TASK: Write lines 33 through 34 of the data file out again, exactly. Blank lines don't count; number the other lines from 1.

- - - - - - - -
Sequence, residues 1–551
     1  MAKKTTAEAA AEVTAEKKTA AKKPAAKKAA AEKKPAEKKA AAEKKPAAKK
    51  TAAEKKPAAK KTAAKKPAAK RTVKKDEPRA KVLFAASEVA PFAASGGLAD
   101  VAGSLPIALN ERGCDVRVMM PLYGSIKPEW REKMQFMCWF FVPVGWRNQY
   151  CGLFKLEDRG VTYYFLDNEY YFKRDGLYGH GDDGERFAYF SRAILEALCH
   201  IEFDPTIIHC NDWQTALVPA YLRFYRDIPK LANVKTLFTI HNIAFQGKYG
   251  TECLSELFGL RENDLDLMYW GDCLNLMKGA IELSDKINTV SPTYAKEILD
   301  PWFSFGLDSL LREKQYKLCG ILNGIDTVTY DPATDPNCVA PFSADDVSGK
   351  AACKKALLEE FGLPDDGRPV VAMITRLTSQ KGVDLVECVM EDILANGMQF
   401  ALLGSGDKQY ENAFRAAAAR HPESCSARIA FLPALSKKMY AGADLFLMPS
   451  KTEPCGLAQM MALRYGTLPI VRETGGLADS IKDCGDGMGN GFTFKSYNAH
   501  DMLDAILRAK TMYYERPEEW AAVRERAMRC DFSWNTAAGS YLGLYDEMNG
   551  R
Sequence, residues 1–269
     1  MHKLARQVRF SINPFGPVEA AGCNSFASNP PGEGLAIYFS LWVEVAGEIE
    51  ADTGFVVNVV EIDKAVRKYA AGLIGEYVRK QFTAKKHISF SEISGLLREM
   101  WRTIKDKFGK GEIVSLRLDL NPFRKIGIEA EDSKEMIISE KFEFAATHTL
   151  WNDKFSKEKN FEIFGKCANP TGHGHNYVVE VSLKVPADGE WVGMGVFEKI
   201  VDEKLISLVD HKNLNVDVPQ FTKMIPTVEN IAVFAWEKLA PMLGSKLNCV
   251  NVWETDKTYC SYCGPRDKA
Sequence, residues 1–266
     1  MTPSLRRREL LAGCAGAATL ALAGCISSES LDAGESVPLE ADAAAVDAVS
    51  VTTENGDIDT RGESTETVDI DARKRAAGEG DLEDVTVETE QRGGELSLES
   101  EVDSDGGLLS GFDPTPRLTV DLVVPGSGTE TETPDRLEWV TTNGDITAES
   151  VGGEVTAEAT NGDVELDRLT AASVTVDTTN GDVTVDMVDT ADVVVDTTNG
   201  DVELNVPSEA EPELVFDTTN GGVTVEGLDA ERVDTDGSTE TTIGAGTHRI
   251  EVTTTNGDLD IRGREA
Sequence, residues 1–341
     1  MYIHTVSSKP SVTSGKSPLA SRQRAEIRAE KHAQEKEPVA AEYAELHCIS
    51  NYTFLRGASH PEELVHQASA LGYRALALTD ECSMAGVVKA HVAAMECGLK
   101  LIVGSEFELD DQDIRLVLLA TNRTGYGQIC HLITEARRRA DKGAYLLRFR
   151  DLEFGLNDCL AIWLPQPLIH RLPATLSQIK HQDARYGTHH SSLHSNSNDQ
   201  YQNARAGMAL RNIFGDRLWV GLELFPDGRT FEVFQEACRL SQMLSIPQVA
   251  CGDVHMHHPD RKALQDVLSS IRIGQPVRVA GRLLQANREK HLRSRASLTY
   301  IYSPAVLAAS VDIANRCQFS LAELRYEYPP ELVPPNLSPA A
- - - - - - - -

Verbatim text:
   201  YQNARAGMAL RNIFGDRLWV GLELFPDGRT FEVFQEACRL SQMLSIPQVA
   251  CGDVHMHHPD RKALQDVLSS IRIGQPVRVA GRLLQANREK HLRSRASLTY